Natalia Van Doninck/iStock/Getty Images
Cheese is generally a high-fat food, depending on the type you’re eating. Because cheese is high in saturated fat – which increases your risk for heart disease when consumed in excess -- eat cheese in moderation or replace it with other protein-rich foods containing heart-healthy fats.
Fat in Cheese
Regular cheese is a high-fat choice. For example, one slice of cheddar cheese contains 9 grams of fat and one slice of provolone cheese provides 7 grams of dietary fat. Choosing part-skim, low-moisture mozzarella cheese means you’re getting about 6 grams of total fat per slice, the USDA notes.The majority of fat grams in each of these types of cheese is saturated fat, which increases your risk for high cholesterol and heart disease when consumed in excess.
Choosing reduced-fat cheese instead of regular cheese is an excellent way to reduce the fat – and calorie – content of your diet. The USDA reports that one slice of reduced-fat cheddar cheese contains about 4 grams of fat, and one slice of reduced-fat provolone cheese provides just under 5 grams of dietary fat. Although the total fat content of reduced-fat cheese is lower than regular cheese, the majority of fat in reduced-fat cheese is still saturated fat.
Daily Fat Requirements
The percentage of calories in your diet that should be from fat is 20 to 35 percent, according to the Institute of Medicine. For example, if you eat 2,000 calories a day, 400 to 700 of those calories should be from fat, which equals 44 to 78 grams of fat daily. The Dietary Guidelines for Americans 2010 suggest obtaining less than 10 percent of your daily calories from saturated fat.
Choosing dietary fat from plant-based foods instead of from animal sources such as cheese helps reduce your saturated fat and dietary cholesterol intake. Examples of heart-healthy fats include olive, canola, soybean, flaxseed and walnut oils, olives and avocados. Foods that are rich in both heart-healthy fats and dietary protein include unsalted nuts and seeds and nut butters – therefore, these foods are heart-healthy alternatives to cheese.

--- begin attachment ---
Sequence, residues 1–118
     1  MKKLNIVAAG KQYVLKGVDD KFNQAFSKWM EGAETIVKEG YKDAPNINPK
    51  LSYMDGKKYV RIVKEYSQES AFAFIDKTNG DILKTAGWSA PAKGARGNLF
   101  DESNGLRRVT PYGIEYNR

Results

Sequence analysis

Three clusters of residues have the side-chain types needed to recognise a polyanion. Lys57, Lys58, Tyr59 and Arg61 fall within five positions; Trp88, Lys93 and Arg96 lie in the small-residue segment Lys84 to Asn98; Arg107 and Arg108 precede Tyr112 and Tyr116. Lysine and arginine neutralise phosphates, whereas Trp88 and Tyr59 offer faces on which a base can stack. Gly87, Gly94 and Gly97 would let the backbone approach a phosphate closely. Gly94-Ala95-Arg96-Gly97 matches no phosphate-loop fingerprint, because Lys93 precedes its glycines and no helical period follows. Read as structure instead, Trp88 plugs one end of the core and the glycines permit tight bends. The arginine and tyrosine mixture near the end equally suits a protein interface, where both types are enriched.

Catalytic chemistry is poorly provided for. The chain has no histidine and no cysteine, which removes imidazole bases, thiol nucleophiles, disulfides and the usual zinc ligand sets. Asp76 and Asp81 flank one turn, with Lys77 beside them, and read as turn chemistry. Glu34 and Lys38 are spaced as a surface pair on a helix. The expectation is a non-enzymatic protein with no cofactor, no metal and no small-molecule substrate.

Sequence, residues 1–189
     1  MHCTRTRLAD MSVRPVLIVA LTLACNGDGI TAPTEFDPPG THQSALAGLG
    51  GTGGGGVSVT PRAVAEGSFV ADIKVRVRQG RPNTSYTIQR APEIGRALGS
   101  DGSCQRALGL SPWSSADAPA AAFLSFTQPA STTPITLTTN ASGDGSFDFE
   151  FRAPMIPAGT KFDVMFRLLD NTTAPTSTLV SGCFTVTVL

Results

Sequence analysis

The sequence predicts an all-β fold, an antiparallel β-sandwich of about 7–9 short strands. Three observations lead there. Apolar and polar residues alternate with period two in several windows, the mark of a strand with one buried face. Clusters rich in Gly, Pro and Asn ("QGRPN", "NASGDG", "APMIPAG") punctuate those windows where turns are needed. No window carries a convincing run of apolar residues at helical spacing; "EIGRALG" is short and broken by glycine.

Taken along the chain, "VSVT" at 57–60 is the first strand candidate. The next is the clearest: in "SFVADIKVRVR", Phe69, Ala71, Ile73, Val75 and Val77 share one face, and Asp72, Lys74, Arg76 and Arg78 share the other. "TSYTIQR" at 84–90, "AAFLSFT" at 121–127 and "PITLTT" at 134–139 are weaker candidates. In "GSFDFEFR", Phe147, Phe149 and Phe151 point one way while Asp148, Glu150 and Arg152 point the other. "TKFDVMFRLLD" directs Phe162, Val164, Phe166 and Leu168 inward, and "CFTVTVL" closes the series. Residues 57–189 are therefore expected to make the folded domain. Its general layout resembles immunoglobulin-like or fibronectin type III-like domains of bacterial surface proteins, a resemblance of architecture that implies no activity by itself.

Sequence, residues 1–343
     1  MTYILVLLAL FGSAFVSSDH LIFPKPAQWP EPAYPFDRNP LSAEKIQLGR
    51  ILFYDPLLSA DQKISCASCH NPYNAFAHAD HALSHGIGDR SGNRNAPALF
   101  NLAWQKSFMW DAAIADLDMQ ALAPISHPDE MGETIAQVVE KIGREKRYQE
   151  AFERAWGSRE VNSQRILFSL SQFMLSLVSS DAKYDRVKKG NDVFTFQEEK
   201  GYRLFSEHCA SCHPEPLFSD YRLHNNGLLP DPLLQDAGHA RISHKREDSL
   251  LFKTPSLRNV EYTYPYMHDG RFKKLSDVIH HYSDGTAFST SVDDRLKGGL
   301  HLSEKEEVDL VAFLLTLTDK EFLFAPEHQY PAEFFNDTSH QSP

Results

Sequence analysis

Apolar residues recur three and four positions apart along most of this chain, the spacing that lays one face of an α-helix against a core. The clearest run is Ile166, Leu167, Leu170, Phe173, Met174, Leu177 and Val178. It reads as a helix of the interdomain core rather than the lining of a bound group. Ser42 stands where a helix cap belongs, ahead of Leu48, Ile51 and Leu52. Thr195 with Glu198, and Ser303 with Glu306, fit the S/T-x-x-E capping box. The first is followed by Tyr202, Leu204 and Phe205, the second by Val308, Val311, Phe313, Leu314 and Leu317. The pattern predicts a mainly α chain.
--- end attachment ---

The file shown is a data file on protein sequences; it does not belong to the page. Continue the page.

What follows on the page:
Swiss vs. Cheddar Cheese Nutrition ...
Fresh Mozzarella vs. Regular Mozzarella ...
How Much Whole Grain Should You Eat a ...
How to Store Cheese
Provolone Cheese Nutrition Information
Nutrition in Swiss Vs. American Cheese
How Many Calories are in Pistachio ...
How Many Calories in a Taco Bell Bean ...
Calories in Cheese Calzones
Asiago Cheese Nutrition
High Fiber & Protein Diet Menus
Can White Gravy Be Made With Almond ...
Is Fat-Free Sour Cream Healthy?
The Calories in a Cheese Omelette
Fiber in Soybeans
How to Make Toasted Bread Sticks With ...
Calories in a Subway Cheese Pizza
How Many Calories Are in a Slice of ...
How Much Fat Is in Feta Cheese?
The Calories in Seafood Paella
- U.S. Department of Agriculture National Nutrient Database for Standard Reference: Basic Report: 01009, Cheese, Cheddar
- U.S. Department of Agriculture National Nutrient Database for Standard Reference: Basic Report: 01035, Cheese, Provolone
- U.S. Department of Agriculture National Nutrient Database for Standard Reference: Basic Report: 01029, Cheese, Mozzarella, Part Skim Milk, Low Moisture
- U.S. Department of Agriculture National Nutrient Database for Standard Reference: Basic Report: 01260, Cheese, Cheddar, Reduced Fat
- U.S. Department of Agriculture National Nutrient Database for Standard Reference: Basic Report: 01208, Cheese, Provolone, Reduced Fat
- Institute of Medicine: Dietary Reference Intakes: Macronutrients
- U.S. Department of Agriculture, U.S. Department of Health and Human Services: Dietary Guidelines for Americans 2010
Erin Coleman is a registered and licensed dietitian. She also holds a Bachelor of Science in dietetics and has extensive experience working as a health writer and health educator. Her articles are published on various health, nutrition and fitness websites.
Natalia Van Doninck/iStock/Getty Images